Abortion gets back on Irish agenda

31 August 2012

THE Irish government and the Roman Catholic Church are set to clash on the issue of legislation for abortion, if an expert group, chaired by a High Court judge, recommends this course.

In 2010, the European Court of Human Rights upheld a complaint by a woman who suffered from cancer that she had to travel abroad for an abortion, and thus the state had violated her rights. The government-appointed group, comprised of medical and legal experts, is due to report soon, and the stage seems set for yet another divisive campaign with pro- and anti-abortion groups, the latter being orchestrated by the RC Church and a number of other organisations.

On Sunday, the RC Archbishop of Armagh and Primate of All Ireland, Cardinal Seán Brady, called for another referendum, indicating that the RC Church would wage an intense campaign in the media, and would lobby public representatives. The leading party in the coalition, the conservative Fine Gael, is known to include several anti-abortion members in its ranks, and two have already indicated reservations about government legislation, preferring another referendum. The junior partner, Labour, however, reacted strongly to the Primate's remarks, suggesting that they harked back to the days when the RC Church in Ireland told politicians what to do.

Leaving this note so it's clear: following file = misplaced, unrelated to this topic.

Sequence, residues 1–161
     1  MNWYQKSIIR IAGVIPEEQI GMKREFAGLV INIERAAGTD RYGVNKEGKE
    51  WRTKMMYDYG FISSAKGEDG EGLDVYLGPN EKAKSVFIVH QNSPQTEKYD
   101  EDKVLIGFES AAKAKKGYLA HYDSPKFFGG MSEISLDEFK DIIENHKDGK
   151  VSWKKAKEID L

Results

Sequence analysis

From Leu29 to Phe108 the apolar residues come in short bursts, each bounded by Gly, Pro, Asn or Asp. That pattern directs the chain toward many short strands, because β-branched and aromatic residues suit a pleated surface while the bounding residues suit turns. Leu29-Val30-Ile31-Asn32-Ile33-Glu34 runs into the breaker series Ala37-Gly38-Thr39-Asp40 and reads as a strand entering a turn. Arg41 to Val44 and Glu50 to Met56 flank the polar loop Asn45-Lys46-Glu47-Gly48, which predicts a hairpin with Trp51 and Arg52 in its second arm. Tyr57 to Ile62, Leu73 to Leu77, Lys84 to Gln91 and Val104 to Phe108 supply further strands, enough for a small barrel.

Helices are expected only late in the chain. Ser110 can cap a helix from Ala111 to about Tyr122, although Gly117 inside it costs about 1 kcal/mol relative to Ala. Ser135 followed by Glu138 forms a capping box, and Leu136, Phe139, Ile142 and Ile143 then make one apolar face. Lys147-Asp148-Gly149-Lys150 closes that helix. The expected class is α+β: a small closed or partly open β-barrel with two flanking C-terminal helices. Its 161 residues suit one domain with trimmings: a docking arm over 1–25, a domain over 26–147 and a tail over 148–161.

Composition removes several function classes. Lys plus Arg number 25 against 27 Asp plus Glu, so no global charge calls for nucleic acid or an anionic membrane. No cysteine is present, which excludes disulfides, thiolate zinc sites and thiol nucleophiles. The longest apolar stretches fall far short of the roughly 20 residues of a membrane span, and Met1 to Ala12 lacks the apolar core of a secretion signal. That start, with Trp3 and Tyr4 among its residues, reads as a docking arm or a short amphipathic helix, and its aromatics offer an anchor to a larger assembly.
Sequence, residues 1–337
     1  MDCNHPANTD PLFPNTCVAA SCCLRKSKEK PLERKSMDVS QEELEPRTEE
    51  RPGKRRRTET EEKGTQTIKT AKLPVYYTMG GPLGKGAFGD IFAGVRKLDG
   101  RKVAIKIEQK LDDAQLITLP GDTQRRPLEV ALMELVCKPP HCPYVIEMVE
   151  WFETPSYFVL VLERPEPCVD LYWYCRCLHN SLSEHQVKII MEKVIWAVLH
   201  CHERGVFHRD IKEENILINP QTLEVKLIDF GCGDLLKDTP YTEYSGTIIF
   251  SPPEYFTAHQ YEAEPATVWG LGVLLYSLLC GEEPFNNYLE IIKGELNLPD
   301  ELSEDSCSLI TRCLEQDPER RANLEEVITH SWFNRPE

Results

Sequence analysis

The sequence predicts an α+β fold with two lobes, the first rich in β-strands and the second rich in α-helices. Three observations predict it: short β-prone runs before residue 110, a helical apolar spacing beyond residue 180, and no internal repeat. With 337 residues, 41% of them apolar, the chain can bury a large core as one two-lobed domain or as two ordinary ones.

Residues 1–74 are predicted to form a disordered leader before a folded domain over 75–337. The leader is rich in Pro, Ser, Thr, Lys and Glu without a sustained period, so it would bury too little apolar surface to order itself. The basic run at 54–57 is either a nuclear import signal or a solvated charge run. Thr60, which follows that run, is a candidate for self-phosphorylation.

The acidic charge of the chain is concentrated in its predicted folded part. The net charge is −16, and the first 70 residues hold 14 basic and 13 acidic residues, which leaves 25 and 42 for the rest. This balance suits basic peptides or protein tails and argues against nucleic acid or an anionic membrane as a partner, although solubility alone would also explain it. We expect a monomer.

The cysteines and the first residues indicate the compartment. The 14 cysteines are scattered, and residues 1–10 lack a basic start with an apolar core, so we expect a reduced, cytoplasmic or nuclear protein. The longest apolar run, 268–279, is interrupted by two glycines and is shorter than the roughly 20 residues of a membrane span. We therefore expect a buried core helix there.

The Minister for Communications, Pat Rabbitte, said: "I don't have any objection to any of the Churches' stating its position and making it clear, but I think it would be a retrogressive step if we were to go back to the days of the Catholic Church dictating to elected public representatives how they should address an issue."

The introduction of legislation on abortion, although it has been called for by senior figures in the judiciary over the years, has been avoided by successive governments precisely because of the divisive nature of the subject.

The decision to engage an expert group suggests the desire of politicians to avoid direct responsibility, and rely instead on the neutrality of the group, whose findings could then be a framework for such legislation. But the calls for a referen- dum from the strong anti-abortion lobby in Ireland are not likely to go away.

 

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